NEWARK, N.J. — At this rate, it may be 2024 or 2025 before Marc-Andre Fleury passes Patrick Roy for the second-most wins in NHL history.
That’s what Ryan Hartman was thinking as he slumped in a locker-room stall Sunday night and watched the future Hall of Famer field questions from a bunch of reporters after the Wild lost 4-3 to the New Jersey Devils to cap a highly unsatisfying winless road trip that saw the Wild pick up one lousy point out of a possible six.
“We got a guy that’s (seven) games away from going to No. 2, and we’re laying eggs for him,” Hartman said of Fleury, who is six wins from tying Roy. “That’s enough motivation to bring it every night. I mean, he’s gonna get it and I know he doesn’t think about it. But I do. And I know some guys do. We want to be here and see it and do it for him and help him out, and we haven’t really helped him out.”
Fleury has one win in four starts. Filip Gustavsson has two wins in five and the goals-against are piling up for both during this choppy 3-4-2 start to this 2023-24 campaign.
After truly laying an egg in Philly to start the trip, the Wild played well enough to beat the Capitals and Devils and return to the Twin Cities in a much better mood. But they didn’t and every night are finding different ways to lose.
But there has been one constant that has picked up right where it left off in last year’s playoffs.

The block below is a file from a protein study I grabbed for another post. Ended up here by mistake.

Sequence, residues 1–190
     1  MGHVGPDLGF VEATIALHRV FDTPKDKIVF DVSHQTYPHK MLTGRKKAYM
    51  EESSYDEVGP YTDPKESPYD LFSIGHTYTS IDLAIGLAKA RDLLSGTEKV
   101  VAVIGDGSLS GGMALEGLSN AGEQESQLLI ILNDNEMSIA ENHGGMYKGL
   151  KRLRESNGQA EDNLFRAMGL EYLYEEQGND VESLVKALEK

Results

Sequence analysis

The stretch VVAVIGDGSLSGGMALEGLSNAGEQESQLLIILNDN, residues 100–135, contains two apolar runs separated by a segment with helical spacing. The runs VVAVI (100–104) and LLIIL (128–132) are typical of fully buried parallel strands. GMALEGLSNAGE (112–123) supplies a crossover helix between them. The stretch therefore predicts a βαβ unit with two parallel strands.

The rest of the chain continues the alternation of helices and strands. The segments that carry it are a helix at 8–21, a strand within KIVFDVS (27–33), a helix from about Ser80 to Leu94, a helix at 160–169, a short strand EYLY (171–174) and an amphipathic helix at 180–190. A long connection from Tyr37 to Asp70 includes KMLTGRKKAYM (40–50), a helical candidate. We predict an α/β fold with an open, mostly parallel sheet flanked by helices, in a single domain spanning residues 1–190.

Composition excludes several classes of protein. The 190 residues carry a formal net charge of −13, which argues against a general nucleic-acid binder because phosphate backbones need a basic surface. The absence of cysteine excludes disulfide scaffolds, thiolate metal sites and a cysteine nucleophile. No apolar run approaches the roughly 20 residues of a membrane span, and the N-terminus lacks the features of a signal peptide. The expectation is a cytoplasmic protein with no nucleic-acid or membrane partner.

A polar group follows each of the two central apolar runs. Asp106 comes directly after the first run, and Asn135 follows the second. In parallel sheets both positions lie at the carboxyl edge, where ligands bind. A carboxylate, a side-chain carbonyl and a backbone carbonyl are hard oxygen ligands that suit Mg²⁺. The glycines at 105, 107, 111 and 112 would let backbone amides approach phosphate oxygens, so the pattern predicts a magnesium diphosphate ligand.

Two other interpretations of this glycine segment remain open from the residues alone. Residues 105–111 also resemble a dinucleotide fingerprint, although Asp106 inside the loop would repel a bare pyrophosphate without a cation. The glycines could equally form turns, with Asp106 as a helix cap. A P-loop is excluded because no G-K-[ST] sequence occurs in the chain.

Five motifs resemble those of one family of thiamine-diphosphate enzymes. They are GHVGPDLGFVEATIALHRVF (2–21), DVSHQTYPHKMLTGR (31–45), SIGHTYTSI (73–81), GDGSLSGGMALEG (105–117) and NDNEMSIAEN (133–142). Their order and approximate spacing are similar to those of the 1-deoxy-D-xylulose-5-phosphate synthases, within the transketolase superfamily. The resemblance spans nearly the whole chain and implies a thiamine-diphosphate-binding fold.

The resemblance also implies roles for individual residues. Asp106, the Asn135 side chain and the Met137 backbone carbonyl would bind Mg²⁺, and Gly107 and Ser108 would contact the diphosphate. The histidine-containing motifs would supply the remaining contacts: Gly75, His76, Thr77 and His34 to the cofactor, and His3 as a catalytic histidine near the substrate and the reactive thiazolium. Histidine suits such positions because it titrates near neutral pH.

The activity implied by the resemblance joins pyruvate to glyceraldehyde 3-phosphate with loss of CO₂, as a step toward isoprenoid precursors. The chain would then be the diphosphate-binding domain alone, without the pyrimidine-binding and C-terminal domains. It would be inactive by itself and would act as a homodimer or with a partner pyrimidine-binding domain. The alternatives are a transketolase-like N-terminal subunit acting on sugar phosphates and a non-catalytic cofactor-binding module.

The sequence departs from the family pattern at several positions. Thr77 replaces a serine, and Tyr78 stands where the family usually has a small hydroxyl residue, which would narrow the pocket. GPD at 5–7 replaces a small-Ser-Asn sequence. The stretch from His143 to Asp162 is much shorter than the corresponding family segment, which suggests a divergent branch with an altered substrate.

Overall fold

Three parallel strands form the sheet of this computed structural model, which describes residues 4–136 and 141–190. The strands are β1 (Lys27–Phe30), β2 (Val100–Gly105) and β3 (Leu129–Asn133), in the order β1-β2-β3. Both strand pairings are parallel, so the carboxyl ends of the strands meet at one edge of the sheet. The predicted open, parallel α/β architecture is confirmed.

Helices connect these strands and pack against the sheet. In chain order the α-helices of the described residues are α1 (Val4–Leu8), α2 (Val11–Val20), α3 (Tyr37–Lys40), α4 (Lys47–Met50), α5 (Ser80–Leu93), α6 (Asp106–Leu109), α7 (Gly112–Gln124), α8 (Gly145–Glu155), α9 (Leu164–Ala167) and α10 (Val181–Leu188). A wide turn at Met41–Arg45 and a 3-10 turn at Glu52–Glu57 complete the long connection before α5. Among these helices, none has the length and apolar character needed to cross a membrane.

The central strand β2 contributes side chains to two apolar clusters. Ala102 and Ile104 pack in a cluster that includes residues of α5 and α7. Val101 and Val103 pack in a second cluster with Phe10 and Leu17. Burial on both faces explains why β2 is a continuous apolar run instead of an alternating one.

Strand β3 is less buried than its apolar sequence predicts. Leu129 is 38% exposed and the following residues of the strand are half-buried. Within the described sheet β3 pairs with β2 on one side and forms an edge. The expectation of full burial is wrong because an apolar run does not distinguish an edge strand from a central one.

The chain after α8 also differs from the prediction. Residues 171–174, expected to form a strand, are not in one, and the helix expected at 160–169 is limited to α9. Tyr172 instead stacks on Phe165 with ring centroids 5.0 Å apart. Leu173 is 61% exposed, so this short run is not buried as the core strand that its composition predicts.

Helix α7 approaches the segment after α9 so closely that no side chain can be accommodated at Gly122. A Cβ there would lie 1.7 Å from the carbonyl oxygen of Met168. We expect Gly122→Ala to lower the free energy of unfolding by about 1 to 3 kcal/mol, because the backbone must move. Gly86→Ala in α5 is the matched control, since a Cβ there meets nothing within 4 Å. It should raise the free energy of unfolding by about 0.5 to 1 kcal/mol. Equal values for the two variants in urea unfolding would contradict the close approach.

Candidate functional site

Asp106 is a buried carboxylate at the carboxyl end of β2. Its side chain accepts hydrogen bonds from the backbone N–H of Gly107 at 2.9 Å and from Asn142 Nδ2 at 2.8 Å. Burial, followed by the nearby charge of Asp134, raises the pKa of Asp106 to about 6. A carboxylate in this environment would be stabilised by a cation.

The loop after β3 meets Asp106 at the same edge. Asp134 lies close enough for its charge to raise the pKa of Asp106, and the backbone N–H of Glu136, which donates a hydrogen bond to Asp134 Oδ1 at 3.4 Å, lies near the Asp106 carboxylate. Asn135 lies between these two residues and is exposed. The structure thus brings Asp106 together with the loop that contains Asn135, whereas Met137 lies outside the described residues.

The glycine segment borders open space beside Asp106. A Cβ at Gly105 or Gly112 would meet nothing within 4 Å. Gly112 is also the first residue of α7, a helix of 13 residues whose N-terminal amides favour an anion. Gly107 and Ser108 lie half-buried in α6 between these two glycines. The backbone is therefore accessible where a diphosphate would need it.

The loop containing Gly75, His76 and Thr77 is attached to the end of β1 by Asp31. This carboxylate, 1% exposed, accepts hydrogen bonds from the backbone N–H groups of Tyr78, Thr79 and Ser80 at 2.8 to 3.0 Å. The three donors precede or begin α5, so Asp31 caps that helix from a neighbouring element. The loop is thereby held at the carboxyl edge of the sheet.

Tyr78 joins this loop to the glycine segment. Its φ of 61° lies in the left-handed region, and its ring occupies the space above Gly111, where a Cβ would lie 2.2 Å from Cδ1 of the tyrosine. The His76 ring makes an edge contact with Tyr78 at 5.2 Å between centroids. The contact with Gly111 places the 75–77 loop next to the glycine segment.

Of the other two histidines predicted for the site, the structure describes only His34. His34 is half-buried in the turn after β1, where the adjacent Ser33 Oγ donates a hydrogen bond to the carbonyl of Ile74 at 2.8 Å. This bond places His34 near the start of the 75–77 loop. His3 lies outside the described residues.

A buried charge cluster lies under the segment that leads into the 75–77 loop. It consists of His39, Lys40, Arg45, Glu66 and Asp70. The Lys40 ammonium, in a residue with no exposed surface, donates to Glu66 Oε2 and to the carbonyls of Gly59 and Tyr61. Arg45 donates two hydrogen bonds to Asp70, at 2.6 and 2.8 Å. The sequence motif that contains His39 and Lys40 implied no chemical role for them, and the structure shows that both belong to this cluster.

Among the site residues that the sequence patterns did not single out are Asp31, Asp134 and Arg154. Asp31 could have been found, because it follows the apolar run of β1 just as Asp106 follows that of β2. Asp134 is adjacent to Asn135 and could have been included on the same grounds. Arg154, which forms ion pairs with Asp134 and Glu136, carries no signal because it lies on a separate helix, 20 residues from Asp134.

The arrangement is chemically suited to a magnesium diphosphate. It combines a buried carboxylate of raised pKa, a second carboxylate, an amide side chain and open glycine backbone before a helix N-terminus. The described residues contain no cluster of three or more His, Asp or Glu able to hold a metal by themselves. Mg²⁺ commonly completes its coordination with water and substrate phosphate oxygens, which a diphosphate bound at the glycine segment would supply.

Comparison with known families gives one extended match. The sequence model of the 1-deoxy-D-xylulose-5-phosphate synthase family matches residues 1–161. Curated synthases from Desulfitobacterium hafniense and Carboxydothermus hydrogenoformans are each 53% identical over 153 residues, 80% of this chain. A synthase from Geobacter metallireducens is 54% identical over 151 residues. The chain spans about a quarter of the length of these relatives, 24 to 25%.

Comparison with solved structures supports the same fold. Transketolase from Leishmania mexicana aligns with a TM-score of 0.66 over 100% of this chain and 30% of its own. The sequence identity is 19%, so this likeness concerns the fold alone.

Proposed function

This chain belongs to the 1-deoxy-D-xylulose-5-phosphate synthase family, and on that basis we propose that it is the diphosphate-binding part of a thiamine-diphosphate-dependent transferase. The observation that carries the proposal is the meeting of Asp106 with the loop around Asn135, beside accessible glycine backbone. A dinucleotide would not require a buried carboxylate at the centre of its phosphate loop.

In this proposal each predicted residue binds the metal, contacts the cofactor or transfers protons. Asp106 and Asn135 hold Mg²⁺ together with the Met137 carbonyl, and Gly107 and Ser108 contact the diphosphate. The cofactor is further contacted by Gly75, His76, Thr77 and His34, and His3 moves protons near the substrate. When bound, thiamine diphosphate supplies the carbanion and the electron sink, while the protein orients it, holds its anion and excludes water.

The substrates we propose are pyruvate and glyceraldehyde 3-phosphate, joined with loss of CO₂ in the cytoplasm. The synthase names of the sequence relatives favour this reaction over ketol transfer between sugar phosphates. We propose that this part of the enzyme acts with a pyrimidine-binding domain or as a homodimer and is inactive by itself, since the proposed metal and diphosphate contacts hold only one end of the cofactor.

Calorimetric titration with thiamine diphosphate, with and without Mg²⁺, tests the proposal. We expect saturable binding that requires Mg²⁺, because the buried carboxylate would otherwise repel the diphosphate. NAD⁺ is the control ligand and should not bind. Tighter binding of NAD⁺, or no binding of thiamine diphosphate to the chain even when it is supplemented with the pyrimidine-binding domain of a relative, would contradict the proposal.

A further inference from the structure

Their special teams stink to high heaven.
Hartman was elevated to the top power-play unit Sunday and did score a go-ahead goal eight seconds into one power play. But the others were unsatisfying for two different reasons. The first is the Wild’s first unit of Kirill Kaprizov, Mats Zuccarello, Joel Eriksson Ek, Calen Addison and Hartman spent virtually two minutes in the offensive zone on three of them and came away with nothing. The second is two third-period power plays that failed mightily, one down 4-2 and the other in the final 1:37 on a six-on-four after Jake Middleton’s goal with 4:43 left pulled Minnesota within a goal.
— Hockey Daily 365 l NHL Highlights & News (@HockeyDaily365) October 29, 2023
But on that power play, it was downright scary how the Wild’s best players lacked any urgency whatsoever.
They sat on the perimeter. They stood stationary like hot dog and pretzel carts in Times Square. And, boy oh boy, did they pass the puck around in a circle so, so prettily.
You know the one thing they didn’t do?
Shoot the frigin’ puck.
Well, not until 22 seconds left when Kaprizov almost sent Hartman to the trainer’s room. That shot was blocked, so the Wild’s only shot on that power play with an extra attacker came when Kaprizov took an easily stoppable shot from 39 feet away with seven seconds left.
“That’s what we’re disappointed with is that we sit still, and they’re able just to collapse and stay tight and we didn’t get them out of any formation because we just stood still and tried to make plays,” coach Dean Evason said. “We should have taken pucks to the net off the half wall and then we should have taken pucks when we got it down low to the net, force them to come at us and then something else opens up.
“But we just stood, tried to make plays into areas that they’re standing and have good sticks.”